Fueled by increased viewing of online political videos and the use of social networks to gather campaign data and online donations for candidates, use of the Internet in this year's election cycle is shattering records, according to a study released this week.
A record-breaking 46% of Americans have used the Internet, email or cell phone text messaging to get news about a campaign or to share their views, according to the "The Internet and the 2008 Election" report compiled by the Pew Internet & American Life Project. So far, according to the report, supporters of Sen. Barack Obama (D-Ill.) are using online tools for election matters more often that those of rival Sen. John McCain (R-Ariz.).
At this point in the 2004 election cycle, 31% of Americans had used the Internet to get political news and information. The reported noted that the difference between the elections is more than the total number of Americans who used the Internet during the entire 2004 campaign for political information, according to the report. "Moreover, the proportion of Americans getting political news and information on any given day in the spring of 2008 has more than doubled compared with a similar period in 2004," the report said.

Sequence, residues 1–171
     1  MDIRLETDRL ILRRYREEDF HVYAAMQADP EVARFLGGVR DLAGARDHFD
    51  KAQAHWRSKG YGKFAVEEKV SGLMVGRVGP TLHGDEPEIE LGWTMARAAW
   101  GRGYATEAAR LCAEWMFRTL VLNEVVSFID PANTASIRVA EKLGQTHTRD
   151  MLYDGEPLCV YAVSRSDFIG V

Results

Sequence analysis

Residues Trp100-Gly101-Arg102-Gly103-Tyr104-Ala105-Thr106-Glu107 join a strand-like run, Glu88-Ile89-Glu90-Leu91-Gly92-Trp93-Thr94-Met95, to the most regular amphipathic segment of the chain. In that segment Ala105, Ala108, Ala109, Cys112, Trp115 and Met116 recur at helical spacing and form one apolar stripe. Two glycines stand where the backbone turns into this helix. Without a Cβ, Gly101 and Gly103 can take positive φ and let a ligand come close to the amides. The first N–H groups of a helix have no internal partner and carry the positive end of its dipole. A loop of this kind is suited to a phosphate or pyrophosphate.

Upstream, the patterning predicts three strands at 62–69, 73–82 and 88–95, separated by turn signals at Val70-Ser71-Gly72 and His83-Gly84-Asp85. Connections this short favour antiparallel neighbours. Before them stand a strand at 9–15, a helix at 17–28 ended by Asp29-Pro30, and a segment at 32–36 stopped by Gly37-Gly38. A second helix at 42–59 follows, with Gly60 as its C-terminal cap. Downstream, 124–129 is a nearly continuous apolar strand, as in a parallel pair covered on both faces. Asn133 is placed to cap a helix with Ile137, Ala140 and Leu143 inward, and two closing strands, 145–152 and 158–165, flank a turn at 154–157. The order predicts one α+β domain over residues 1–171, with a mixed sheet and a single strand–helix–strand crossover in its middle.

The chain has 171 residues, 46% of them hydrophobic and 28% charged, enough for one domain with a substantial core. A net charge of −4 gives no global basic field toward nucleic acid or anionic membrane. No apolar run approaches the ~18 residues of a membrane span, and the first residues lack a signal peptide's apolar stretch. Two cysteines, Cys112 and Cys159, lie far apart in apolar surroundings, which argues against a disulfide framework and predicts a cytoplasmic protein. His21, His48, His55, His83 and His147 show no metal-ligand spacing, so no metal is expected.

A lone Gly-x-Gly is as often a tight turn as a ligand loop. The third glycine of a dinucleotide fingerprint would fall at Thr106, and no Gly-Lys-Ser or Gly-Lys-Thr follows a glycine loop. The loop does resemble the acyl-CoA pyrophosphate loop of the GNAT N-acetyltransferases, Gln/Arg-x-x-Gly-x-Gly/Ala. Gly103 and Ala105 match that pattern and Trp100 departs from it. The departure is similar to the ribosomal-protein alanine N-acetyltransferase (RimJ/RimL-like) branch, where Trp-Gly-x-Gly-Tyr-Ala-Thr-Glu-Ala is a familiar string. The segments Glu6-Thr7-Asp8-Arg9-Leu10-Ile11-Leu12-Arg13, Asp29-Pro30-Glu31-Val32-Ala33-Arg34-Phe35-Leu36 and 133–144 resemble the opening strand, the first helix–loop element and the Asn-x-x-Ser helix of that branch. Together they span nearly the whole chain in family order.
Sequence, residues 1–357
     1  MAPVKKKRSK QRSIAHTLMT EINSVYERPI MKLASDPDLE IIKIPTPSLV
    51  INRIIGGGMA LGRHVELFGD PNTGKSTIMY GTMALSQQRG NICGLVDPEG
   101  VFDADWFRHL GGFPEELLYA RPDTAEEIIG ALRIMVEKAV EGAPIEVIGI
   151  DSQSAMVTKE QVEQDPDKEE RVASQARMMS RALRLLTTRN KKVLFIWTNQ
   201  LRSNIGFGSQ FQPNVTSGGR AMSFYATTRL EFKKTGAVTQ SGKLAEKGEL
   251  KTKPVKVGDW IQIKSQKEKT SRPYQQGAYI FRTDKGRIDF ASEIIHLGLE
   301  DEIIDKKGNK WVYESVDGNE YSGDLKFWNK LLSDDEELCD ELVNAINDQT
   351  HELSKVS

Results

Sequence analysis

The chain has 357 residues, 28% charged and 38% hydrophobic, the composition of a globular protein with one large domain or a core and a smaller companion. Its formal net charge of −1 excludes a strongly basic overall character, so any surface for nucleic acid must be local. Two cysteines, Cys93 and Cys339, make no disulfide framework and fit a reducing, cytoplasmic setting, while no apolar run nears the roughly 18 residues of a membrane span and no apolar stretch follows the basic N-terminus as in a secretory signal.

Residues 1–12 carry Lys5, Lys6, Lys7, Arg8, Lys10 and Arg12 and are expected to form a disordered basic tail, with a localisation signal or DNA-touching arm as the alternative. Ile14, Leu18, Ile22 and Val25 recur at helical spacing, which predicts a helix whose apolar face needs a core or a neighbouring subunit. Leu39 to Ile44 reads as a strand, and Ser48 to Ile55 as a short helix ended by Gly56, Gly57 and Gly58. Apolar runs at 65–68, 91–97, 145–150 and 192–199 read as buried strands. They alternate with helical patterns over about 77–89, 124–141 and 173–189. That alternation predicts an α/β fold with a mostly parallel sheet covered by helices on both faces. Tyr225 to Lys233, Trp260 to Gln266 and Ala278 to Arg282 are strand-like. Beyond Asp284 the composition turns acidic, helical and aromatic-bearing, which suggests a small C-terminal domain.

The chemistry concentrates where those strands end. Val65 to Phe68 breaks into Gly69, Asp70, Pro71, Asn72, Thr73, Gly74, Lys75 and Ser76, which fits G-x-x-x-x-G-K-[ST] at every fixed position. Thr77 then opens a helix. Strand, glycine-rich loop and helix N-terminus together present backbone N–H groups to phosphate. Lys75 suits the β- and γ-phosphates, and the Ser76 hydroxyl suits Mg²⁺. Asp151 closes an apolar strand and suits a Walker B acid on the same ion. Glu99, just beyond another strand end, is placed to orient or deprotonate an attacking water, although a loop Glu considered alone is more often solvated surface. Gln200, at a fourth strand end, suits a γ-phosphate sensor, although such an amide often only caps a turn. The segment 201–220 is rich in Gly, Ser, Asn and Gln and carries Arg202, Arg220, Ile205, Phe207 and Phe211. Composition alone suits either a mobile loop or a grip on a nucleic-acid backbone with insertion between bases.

After the 2004 race, for example, 13% of adults said they had watched an online video of any kind about the campaign or election. This year, 35% of the 2,200-plus Internet users surveyed reported that they watched an online political video.
At this point in the current campaign, 8% of Internet users have donated money to a candidate online; only 3% of Internet users said they had done this when asked in the fall of 2006. In addition, 10% of them said they have used a social network like Facebook or MySpace to gather political information or to become involved with a campaign.
Among younger votes, two-thirds of Internet users younger than 30 have a social networking profile, and half of those said they use social networks to get or share political information, the report said.
Further, 39% of online Americans have used the Internet to access "unfiltered" campaign materials like video of candidate debates, speeches and announcements or candidate position papers. The study also found a significant growth of user generated content compared to the first time Pew asked this type of question in the 2006 mid-term elections.